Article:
Matthew R. LeBlanc graduated from Massachusetts General Hospital Institute of Health Professions and has worked primarily with adult cancer patients at Anne Arundel Medical Center in Annapolis, Maryland. Matthew's experience working with patients with cancer has inspired his passion for patient- and family-centered care, palliative care for cancer patients and caring for patients at the end of life. His doctoral studies will focus on gaining a better understanding of cancer patients' symptoms and supportive care needs to improve care.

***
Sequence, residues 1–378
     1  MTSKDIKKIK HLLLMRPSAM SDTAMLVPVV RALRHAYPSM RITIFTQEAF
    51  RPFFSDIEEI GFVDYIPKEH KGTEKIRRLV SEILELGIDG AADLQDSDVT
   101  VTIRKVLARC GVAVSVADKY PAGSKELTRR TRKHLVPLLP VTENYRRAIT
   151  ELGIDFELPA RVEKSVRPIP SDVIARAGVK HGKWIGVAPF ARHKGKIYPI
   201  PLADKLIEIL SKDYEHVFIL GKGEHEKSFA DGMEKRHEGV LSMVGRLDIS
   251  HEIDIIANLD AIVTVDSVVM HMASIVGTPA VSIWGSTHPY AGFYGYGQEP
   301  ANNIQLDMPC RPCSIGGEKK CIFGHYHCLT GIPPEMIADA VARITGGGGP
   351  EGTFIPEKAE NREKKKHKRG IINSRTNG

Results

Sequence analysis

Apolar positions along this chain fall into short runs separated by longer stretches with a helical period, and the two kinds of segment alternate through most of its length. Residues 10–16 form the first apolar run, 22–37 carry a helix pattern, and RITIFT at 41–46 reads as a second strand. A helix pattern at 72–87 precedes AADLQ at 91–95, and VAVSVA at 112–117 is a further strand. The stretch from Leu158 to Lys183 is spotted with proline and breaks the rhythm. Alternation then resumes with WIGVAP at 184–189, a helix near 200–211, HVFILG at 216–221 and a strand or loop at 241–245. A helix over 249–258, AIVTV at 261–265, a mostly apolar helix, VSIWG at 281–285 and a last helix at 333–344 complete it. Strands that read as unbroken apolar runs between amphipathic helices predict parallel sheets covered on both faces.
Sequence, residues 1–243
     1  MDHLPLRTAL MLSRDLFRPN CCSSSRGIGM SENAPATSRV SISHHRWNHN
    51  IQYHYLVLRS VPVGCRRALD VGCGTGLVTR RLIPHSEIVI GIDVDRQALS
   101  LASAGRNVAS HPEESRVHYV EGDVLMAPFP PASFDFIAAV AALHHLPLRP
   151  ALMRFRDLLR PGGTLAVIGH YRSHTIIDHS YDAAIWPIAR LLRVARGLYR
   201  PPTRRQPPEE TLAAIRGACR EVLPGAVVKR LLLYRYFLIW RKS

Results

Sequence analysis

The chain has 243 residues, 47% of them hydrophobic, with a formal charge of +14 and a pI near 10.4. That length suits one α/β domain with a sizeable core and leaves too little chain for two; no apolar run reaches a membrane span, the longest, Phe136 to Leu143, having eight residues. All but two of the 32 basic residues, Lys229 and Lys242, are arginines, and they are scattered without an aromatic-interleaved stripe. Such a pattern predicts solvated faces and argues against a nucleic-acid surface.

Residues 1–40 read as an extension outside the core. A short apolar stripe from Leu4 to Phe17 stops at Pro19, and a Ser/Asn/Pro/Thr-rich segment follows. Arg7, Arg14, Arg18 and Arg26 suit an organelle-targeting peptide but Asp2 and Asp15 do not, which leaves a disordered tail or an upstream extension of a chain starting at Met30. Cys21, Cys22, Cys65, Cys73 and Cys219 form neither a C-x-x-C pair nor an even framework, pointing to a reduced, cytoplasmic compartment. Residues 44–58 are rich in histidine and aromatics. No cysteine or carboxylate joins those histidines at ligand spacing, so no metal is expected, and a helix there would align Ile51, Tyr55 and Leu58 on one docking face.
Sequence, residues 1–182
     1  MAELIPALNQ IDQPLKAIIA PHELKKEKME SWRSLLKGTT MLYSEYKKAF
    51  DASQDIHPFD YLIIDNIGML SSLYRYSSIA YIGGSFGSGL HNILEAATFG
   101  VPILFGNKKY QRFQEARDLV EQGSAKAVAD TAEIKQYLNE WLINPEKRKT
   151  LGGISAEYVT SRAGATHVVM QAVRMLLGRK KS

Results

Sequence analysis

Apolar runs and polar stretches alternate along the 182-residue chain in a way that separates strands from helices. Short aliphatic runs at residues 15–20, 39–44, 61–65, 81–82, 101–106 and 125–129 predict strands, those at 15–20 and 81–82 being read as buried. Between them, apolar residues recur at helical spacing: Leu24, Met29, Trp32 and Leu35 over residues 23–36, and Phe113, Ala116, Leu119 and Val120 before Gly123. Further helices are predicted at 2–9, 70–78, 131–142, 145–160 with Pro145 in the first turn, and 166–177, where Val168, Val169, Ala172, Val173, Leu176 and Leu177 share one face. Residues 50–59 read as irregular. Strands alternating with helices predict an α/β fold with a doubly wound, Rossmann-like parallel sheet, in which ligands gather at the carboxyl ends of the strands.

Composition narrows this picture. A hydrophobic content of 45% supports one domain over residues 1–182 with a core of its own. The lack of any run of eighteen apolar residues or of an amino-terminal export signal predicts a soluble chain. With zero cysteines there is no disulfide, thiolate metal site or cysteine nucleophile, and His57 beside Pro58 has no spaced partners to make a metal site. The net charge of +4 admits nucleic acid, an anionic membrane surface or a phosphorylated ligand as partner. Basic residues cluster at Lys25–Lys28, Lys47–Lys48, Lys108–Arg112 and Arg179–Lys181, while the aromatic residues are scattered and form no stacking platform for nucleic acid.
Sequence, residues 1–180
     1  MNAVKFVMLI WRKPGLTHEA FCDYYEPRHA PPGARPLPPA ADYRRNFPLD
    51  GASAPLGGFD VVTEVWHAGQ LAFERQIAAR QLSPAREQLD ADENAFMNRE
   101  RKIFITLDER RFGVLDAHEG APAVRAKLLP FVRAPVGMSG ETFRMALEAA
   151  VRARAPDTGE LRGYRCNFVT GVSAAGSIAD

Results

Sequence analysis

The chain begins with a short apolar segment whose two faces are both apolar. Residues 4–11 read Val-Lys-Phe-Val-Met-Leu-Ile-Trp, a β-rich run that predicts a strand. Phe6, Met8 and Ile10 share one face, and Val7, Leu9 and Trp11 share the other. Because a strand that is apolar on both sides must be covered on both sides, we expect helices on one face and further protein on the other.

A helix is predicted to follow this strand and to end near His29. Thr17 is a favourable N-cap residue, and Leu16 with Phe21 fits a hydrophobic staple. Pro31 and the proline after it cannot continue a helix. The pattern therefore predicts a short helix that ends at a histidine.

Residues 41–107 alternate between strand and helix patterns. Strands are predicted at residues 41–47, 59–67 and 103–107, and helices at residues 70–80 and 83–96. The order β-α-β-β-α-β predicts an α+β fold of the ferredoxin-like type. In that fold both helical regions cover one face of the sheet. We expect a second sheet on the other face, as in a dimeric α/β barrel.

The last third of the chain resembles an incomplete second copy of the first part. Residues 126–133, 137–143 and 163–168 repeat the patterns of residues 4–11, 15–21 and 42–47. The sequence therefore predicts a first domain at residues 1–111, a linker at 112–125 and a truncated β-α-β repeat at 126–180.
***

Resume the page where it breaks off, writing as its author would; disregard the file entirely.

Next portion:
Lisa Mansfield is a first-generation college graduate from Bridgeport, Connecticut, and earned her BSN from Winston-Salem State University (WSSU) in 2012. During her undergraduate studies, Lisa became interested in nursing research after attending various research conferences on health disparities. In 2014, Lisa returned to her alma mater for her graduate studies, where she was accepted into the second cohort of the WSSU-Duke Nursing Bridge to the Doctorate program. As a Bridges scholar, Lisa completed a master's thesis using secondary data analysis to examine the association between parental HPV knowledge, awareness and intentions to vaccinate their daughters. She also presented a student poster at the 2016 Southern Nursing Research Society conference and for UNC President Margaret Spellings during her visit to WSSU. In May 2016, Lisa earned an MS in nursing education and received the School of Health Sciences Achievement Award recognizing her academic excellence. Lisa plans to continue her work in HPV research with an interest in exploring factors hindering adolescent girls from completing the HPV vaccine series.